The key question for Adidas: What is Yeezy without it?

Adidas’s move ways to part with His anti-Semitic remarks raise questions about the future of one of the world’s most coveted and commercially valuable sneakers.

In the short term, the sudden split effectively ended production of all Yeezy products by the German sportswear giant, causing a significant financial blow to Adidas. Yeezy accounts for about 10% of the company’s annual revenue, while Adidas said ending its deal with Yeezy would take a $246 million hit to its bottom line this year alone.

Going forward, Adidas may continue to release new shoe designs that highlight Yeezy’s brand – minus the label. The company announced the demise of its partnership with Ye, formerly known as Kanye West, on Tuesday, saying that it retains the design rights to any new colorways.

“The press release implies that Adidas plans to release some existing Yeezy designs without the Yeezy name,” Morningstar equity analyst David Swartz told CBS MoneyWatch. “I don’t think the design process meant all Yeezy shoes, but it could mean the ones that have been released in new colors so far.”

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A guest at London Fashion Week is pictured wearing red Adidas Yeezy shoes.

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While Adidas may still have some Yeezy products in the rebranding pipeline, the impact on its business will be significant.

“They have shoes in various stages of planning and production that haven’t already been released. Destroying that inventory would be extremely costly and wasteful,” Swartz said. “It’s an unlikely scenario, but I’m not sure what will be done with a product that hasn’t been released. But it looks like Adidas has some plans to release some Yeezy products under its own name.”

For its part, Ye has previously indicated that it wants to exit the partnership, saying it wants to take control of its brand and sell products directly to consumers. He will continue to be the owner of Yeezy, which he launched in 2016, as well as control the trademark for the brand. But West could face a legal challenge if it tried to resell already existing designs from the Yeezy line for Adidas.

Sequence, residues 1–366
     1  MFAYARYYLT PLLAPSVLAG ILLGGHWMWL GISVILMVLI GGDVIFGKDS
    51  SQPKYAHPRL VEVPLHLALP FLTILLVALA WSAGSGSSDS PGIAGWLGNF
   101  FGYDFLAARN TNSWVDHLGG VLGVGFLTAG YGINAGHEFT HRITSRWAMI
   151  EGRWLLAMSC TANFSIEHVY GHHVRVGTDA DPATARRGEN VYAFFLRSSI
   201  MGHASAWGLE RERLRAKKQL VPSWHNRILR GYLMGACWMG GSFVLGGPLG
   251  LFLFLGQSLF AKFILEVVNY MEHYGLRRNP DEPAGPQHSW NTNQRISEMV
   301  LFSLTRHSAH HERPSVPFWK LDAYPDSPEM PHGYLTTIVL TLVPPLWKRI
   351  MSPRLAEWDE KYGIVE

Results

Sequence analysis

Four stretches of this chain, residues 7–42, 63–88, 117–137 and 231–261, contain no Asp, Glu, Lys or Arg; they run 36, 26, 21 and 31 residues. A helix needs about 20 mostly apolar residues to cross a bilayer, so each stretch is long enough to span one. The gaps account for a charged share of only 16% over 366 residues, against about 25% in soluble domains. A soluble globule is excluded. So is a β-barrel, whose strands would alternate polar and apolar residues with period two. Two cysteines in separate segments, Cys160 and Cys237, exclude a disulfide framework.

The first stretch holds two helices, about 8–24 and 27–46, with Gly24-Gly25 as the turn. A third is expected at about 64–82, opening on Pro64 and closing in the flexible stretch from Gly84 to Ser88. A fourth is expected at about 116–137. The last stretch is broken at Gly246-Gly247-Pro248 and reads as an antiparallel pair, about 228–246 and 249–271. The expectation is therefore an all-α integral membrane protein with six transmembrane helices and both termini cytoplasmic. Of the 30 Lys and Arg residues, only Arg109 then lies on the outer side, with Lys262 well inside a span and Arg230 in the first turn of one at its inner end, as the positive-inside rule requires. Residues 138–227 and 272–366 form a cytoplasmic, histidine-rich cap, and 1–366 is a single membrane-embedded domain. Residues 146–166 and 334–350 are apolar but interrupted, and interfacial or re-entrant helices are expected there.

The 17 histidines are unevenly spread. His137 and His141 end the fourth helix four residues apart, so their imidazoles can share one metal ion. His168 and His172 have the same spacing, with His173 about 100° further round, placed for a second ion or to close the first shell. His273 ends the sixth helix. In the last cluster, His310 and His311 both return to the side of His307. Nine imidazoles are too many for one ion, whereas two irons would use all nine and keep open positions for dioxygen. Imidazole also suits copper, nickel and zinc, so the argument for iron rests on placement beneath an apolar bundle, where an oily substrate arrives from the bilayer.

“He cannot resell designs for which royalties have already been paid to him by Adidas,” Swartz said. “They gave him big money, and they won’t let him take and sell his property. If it ends up in court, Adidas will have a stronger case.”

Surely, Adidas will survive. Analysts note that Yeezy products represent only a tiny fraction of the approximately 300 million pairs of shoes the company sells each year. But the dissolution of its deal with Yeh adds another hurdle to the company already facing several challenges.

Amid those issues, Adidas CEO Casper Rorstedt is set to exit the company, and it’s unclear who will take over in 2023. Adidas’ China sales are also down as the lockdown to control COVID-19 has led to the closure of stores which is a significant one. Market. And seasonal products arrived too late due to shipping challenges, forcing the company to slash prices to clear shelves.

“They couldn’t sell stuff because the stores kept closing, so they’re sending adidas back to stuff and the company is flooded with stuff they can’t sell,” Swartz said.

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